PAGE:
I have no love for financial institutions, and I take every opportunity to use their promotions against them. If I need something that costs a somewhat substantial sum of money, and a lender is offering a zero percent interest for X months deal, I’ll apply for the credit line even if I had already planned to pay cash.

My current lawn tractor is a perfect example. I needed a new one at the beginning of last season. I happened to be at Tractor Supply one day, and I saw the promotional literature. I had the money for a new one, but if they will give me a year to pay at no additional cost, I’ll gladly use someone else’s money. Which I did. That was the only time that I used the card, and I paid the tractor off months ago.

Banks seem to be wising up, though. Last night, I was browsing for a stump grinder. I have dozens of trees that need to go away, and dozens more that are gone but whose stumps remain as hazards to the mower. DR Power Equipment (now owned by Generac) makes a couple decent ones that I’ve considered before. There was a banner at the top of the page advertising 0% financing. I clicked on it.

I found the fine print interesting. Yes, purchases over $799 are indeed financed at zero percent interest for thirty-six months. BUT, they charge a $150 “Promotion Fee” up front in lieu of interest over the life of the promotion. Effectively, it is prepaid interest, like the balance transfer fees that are so common nowadays. Since it is a fixed amount, the more you spend, the better the deal. I’m sure that is intentional.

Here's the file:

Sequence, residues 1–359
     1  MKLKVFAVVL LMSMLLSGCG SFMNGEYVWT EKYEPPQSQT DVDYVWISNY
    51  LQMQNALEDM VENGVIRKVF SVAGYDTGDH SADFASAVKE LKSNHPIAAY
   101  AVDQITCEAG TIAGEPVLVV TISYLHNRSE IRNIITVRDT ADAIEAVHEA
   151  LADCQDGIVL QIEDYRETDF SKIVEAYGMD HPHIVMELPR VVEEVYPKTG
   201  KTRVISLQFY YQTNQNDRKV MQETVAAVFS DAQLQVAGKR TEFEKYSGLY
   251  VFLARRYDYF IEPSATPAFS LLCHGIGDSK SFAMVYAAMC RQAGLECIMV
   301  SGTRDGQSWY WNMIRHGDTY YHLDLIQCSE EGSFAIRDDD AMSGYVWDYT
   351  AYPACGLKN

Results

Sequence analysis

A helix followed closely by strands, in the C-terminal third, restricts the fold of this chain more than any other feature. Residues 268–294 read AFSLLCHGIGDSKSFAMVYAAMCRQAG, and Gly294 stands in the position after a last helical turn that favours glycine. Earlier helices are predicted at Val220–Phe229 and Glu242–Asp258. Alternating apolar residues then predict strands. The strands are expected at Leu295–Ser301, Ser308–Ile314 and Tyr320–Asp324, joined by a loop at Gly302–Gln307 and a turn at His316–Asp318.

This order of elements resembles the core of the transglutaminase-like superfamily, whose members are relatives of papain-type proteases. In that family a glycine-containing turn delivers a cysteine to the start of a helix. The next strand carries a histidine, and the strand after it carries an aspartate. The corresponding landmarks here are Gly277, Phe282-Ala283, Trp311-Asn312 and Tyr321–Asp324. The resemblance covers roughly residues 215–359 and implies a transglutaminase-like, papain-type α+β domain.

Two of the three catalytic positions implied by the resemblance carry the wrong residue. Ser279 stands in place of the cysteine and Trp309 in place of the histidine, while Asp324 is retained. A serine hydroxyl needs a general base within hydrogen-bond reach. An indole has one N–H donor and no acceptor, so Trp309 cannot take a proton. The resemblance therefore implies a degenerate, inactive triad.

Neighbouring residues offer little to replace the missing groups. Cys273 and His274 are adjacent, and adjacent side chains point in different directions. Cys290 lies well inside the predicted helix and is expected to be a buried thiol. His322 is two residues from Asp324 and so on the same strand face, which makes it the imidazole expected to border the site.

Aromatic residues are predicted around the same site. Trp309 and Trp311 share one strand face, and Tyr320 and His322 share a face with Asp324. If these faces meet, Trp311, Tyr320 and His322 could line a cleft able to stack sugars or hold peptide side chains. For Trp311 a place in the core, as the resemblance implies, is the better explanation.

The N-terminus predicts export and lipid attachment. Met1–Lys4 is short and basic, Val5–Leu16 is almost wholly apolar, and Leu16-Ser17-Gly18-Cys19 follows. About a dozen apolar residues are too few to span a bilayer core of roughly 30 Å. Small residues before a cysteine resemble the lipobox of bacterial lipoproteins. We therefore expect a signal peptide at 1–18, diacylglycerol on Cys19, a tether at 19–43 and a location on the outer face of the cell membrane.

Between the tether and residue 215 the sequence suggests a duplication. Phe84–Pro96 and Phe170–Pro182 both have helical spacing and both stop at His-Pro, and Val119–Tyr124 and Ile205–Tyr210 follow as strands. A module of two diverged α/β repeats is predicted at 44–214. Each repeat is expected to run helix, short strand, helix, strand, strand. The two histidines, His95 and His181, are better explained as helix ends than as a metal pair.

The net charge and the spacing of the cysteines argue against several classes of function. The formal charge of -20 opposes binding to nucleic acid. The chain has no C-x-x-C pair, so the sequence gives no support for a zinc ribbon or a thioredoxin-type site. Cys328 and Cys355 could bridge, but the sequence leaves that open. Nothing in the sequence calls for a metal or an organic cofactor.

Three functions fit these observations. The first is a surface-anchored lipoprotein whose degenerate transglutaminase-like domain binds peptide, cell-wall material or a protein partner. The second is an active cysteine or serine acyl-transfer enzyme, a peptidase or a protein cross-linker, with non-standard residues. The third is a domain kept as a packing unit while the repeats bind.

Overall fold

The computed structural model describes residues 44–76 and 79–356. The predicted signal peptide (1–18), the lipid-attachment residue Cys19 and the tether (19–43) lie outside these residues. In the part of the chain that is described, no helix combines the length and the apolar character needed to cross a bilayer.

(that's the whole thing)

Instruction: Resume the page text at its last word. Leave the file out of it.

I decided to apply, and see how much credit they would give me. I was surprised by the answer: five thousand dollars. So, I could spend eight hundred dollars, plus the one hundred fifty dollars (eighteen and three-quarters percent) or I could get the stump grinder, a wood chipper to eliminate the burn pile, a post hole digger, and replacement teeth and blades for the grinder and chipper, for a total of just under three thousand dollars. That makes the one hundred fifty dollar fee a more reasonable five percent – only slightly more than the typical balance transfer fees on most promotions.

So, I obligated myself for three thousand federal reserve notes worth of power equipment. With it, though, I may very well have most of my property cleared and fenced within a year.

Another sneaky thing that I caught a lender doing this week was the fast one that American Express tried to pull on me. I just bought my annual prepaid phone card, which cost me $530.25. AmEx offered the option of Plan It, which sets up fixed payments for a specified time period instead of letting it fall under normal revolving balance rules. For this convenience, I would have to pay a monthly fee, but no interest would be charged. The monthly fee? $5.05, for a total of $90.90 in fees over eighteen months. But zero interest. I calculated the amount of interest that I would pay at my normal Purchases rate, on that balance with the same monthly payment amount. $97.99. The option would save me $7.09, effectively lowering my interest rate from 22.24% to 20.68%. Yeah, I’ll jump right on that. Not.

Sneaky bastards!

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